Flourishing in today's global society requires citizens that are both intelligent consumers and producers of scientific understanding. Indeed, the modern world is facing ever‐more complex problems that require innovative ways of thinking about, around, and with science. As numerous educational stakeholders have suggested, such skills and abilities are not innate and must, therefore, be taught (e.g., McNeill & Krajcik, Journal of Research in Science Teaching, 45(1), 53–78. 2008).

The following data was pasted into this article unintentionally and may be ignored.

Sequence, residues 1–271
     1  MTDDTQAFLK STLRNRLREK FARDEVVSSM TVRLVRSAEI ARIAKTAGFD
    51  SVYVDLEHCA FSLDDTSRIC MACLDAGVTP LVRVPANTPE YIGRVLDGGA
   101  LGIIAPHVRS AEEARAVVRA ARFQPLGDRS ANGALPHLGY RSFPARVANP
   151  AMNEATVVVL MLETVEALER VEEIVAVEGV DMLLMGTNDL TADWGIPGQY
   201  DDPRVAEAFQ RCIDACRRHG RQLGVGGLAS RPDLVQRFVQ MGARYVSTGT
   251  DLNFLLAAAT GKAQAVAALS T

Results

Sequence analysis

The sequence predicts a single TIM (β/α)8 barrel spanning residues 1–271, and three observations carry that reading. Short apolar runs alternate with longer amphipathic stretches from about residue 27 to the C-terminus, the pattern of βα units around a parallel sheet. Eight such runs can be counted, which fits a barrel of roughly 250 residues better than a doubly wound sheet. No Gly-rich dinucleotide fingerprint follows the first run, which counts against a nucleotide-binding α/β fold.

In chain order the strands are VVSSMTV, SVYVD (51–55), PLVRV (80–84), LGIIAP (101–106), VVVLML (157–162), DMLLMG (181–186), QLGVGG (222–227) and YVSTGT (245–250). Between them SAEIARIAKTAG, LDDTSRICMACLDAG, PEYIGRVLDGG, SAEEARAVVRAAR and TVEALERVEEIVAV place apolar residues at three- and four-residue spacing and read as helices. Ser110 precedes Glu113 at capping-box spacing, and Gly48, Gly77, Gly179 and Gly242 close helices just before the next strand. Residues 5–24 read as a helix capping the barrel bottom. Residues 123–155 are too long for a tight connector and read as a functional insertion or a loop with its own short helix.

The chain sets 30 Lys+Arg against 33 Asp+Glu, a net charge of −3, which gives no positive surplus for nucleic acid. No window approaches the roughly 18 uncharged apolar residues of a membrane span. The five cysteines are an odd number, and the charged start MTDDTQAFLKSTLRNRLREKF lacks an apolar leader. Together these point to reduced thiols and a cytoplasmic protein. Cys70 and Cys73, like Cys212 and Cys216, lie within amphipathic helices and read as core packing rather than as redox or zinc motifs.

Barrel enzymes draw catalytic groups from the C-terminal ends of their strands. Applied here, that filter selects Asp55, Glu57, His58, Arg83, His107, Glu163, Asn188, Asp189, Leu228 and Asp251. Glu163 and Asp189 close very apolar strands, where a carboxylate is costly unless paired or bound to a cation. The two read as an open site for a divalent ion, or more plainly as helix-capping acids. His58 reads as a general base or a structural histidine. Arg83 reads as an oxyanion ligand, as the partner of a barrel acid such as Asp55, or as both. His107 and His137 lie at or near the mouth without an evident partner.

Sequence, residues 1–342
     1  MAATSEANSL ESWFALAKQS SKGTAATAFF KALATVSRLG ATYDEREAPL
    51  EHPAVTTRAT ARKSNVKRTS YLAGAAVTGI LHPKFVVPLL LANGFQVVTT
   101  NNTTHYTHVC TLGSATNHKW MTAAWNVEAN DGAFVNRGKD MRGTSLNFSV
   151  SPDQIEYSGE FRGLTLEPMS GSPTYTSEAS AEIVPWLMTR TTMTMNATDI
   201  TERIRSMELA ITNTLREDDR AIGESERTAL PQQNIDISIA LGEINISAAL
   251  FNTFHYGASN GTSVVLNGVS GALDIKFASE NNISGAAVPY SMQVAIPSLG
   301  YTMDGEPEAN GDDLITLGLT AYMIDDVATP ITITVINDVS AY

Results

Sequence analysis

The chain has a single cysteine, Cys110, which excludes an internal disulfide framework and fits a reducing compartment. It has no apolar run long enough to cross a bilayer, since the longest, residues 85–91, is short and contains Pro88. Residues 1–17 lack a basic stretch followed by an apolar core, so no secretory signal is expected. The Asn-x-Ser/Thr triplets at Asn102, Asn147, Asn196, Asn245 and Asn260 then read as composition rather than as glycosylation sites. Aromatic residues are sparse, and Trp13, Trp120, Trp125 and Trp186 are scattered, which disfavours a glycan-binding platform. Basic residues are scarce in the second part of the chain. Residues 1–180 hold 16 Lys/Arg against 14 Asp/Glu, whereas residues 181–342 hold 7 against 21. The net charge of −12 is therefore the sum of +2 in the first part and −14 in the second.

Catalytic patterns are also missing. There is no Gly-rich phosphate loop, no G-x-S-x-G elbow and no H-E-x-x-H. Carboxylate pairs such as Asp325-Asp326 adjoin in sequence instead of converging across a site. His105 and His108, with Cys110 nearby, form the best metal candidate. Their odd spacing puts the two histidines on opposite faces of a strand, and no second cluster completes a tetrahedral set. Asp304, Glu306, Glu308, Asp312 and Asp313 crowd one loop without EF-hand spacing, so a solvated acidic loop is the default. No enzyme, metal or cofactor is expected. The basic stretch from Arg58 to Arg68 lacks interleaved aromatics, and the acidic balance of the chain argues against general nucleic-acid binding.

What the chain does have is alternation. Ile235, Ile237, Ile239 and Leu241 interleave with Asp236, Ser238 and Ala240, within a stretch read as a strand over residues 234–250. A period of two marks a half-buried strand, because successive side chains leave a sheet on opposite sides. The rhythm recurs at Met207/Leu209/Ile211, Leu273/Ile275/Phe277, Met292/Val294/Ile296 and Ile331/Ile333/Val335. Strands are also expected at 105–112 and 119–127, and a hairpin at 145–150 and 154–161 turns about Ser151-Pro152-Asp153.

The purpose of our quasi‐experimental study was to examine the effectiveness of Quality Talk Science, a professional development model and intervention, in fostering changes in teachers’ and students’ discourse practices as well as their conceptual understanding and scientific argumentation. Findings revealed treatment teachers’ and students’ discourse practices better reflected critical‐analytic thinking and argumentation at posttest relative to comparison classrooms.